President Joe Biden is set to sign into law a bipartisan bill to invest billions of dollars in domestic semiconductor manufacturing and science research, with the aim of boosting U.S. competitiveness with China and other foreign rivals.
The legislation marks a win for Biden, who campaigned on reaching across the aisle and has pushed Congress to pass the legislation as a matter of necessity for America’s economy and national security.
Biden, who is suffering from a relapse of Covid, appeared virtually at a ceremony Tuesday with Gov. Gretchen Whitmer, D-Mich., as she signed an executive directive to implement the Chips and Science Act.
The bill, dubbed the Chips and Science Act, includes more than $52 billion for U.S. companies producing computer chips, as well as billions more in tax credits to encourage investment in chip manufacturing. It also provides tens of billions of dollars to fund scientific research and development, and to spur the innovation and development of other U.S. technologies.
The House and Senate passed the bill last week with near-unanimous Democratic support. One-third of Republican senators backed the bill, including Senate Minority Leader Mitch McConnell of Kentucky. Two dozen House Republicans also voted for it, though others withdrew their support on the eve of the final vote after Senate Democrats unveiled plans to quickly pass an unrelated partisan reconciliation bill.
Democrats want that tax-and-spending package, helmed by Senate Majority Leader Chuck Schumer, D-N.Y., and Sen. Joe Manchin, D-W.V., to come to a vote before Congress leaves Washington, D.C., for the August recess. They hope to pass it without needing Republican votes in the Senate, where the parties are split 50-50 and Vice President Kamala Harris holds the tie-breaking vote.
McConnell had previously warned Democrats that GOP lawmakers wouldn’t back the semiconductor bill if they continued to work on a reconciliation package. Talks between Schumer and Manchin on such a package had appeared to sputter weeks earlier — but just hours after the Senate voted to pass the Chips and Science act, the Democrats revealed that they had struck a deal.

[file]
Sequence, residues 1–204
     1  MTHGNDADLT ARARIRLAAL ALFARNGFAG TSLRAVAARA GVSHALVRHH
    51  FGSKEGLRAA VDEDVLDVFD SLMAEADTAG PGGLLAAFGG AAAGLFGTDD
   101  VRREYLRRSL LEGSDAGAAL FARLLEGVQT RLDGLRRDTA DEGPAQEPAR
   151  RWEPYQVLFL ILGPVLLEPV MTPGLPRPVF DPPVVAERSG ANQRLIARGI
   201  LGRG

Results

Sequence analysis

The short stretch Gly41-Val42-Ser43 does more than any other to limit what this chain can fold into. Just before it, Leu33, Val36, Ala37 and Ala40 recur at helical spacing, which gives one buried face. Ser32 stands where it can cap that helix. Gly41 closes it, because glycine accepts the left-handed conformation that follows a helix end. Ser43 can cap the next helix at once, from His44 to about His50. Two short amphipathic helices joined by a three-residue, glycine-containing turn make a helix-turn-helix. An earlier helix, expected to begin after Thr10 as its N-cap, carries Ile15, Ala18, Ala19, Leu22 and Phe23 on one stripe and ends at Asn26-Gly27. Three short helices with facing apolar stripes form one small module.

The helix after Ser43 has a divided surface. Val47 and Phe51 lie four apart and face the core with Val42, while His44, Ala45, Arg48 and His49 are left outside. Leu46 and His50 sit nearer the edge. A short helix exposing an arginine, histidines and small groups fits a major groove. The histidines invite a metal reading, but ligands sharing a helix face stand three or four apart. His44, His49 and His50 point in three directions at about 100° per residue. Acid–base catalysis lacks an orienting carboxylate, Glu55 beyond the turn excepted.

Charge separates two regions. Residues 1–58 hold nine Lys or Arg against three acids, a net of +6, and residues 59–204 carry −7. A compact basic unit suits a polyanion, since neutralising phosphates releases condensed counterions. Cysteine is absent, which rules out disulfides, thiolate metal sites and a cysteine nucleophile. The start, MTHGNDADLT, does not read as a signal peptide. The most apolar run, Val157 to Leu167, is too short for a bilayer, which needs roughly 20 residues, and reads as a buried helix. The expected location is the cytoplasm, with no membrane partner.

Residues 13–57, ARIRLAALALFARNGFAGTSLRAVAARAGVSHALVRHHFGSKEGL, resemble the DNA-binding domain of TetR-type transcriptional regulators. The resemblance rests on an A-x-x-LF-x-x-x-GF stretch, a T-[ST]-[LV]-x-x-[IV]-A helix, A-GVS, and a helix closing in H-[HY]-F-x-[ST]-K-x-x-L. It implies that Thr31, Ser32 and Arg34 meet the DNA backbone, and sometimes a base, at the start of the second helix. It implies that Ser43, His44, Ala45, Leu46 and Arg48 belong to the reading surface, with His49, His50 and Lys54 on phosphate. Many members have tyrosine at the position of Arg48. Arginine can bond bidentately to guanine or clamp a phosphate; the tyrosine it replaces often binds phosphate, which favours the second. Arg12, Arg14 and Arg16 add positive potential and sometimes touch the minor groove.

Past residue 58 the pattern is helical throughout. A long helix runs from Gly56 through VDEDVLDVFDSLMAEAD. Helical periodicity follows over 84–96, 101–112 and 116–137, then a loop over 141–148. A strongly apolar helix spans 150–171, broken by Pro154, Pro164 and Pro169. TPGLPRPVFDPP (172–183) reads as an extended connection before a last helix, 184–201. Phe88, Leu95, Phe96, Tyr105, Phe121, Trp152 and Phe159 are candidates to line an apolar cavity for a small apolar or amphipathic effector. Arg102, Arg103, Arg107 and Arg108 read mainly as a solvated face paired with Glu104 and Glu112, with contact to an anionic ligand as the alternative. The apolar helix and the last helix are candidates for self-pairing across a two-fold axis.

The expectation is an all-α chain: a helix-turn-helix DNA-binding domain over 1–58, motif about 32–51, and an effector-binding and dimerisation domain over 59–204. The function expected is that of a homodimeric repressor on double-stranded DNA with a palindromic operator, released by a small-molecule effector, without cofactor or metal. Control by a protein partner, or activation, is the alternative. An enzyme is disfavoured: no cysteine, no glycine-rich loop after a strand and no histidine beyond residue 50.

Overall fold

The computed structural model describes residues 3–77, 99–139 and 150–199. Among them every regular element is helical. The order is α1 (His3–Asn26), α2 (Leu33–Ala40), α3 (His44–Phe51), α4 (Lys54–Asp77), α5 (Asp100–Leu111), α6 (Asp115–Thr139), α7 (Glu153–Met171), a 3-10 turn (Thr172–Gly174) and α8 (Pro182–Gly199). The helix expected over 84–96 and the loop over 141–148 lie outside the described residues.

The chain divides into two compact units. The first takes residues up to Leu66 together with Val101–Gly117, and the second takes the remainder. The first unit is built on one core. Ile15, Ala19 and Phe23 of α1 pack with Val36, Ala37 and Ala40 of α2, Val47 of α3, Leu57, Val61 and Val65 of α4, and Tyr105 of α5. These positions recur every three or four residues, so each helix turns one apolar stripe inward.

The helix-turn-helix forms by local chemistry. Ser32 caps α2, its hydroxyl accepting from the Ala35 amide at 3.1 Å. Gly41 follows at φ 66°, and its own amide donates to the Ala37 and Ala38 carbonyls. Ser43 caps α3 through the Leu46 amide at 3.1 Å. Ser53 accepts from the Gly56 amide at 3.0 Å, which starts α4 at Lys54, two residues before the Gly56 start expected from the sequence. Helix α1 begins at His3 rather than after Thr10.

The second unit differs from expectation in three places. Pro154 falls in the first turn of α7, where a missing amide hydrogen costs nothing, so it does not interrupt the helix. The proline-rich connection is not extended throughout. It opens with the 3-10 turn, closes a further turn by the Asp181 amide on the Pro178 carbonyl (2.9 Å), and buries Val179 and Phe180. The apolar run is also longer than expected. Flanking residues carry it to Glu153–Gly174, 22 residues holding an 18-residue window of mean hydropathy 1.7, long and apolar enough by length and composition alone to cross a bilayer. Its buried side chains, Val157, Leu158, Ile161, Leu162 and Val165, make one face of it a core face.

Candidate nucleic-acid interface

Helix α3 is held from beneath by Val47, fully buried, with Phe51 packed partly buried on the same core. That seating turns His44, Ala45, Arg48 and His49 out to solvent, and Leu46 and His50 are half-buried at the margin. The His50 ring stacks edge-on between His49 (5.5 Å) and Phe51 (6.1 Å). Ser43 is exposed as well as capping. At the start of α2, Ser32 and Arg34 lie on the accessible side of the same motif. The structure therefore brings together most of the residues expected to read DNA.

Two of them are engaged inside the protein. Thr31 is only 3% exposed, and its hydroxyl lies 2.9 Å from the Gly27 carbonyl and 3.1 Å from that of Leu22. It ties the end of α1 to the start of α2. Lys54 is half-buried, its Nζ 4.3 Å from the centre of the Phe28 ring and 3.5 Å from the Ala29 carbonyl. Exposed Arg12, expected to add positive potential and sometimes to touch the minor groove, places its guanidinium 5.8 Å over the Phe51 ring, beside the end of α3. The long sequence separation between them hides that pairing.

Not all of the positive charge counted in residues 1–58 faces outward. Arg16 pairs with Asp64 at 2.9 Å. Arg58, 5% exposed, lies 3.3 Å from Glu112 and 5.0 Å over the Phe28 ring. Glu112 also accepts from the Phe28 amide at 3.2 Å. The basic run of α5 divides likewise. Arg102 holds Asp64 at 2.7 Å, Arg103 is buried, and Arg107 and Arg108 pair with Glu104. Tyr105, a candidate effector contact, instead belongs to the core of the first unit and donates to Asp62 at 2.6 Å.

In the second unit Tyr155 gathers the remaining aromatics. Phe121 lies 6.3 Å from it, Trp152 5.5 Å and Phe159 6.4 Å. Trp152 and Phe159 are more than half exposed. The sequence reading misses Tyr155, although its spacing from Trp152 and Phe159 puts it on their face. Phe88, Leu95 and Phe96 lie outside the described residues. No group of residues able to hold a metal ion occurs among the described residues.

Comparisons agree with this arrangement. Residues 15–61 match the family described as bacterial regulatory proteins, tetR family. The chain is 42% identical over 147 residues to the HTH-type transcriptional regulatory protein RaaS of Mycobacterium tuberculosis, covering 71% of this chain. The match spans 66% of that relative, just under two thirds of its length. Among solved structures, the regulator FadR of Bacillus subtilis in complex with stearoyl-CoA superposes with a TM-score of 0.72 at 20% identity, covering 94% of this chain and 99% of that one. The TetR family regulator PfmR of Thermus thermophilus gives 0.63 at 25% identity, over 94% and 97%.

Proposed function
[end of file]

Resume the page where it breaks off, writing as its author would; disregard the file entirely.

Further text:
Republicans reacted angrily, and the House minority whip’s office instructed GOP members in a late-night memo to oppose the chips bill when it came to a vote Thursday. “They lied about reconciliation,” House Minority Leader Kevin McCarthy, R-Calif., said on the morning of the vote.
Democrats, meanwhile, celebrated the bill’s passage. “Now it goes to the White House for the president’s signature and a better future for our country,” House Speaker Nancy Pelosi, D-Calif., said in a ceremony at the Capitol on Friday morning.
Advocates say it is vital for the U.S. to boost its production of semiconductors, which are increasingly critical components in a vast array of products including consumer electronics, automobiles, health care equipment and weapons systems.
Biden also has blamed the chip shortage for the sky-high inflation that has dogged his presidency. A lack of chips available for new car manufacturing has been linked to soaring prices for used cars, which are pushing inflation higher.
The chips have been in short supply during the Covid-19 pandemic. Factory shutdowns at the beginning of the outbreak sidelined chip production in Asia while consumer demand for autos and upgraded home electronics that need the chips surged during the lockdowns. The U.S. share of global chip production also has fallen sharply in recent decades, while China and other nations have invested heavily in the industry.
The U.S. makes few of the most advanced types of semiconductors, which are largely produced in Taiwan. Pelosi and a delegation of five House Democrats traveled to that island, the source of significant tensions with China, earlier Tuesday as part of an Asian tour.
The speaker said the trip is aimed at reaffirming U.S. ties to its regional allies, including Singapore, Malaysia, South Korea and Japan. But China, which asserts control over Taiwan, has deployed increasingly belligerent rhetoric toward the U.S. in response to the tour.
Correction: This article was updated to reflect that Biden hasn’t yet signed the bill into law.
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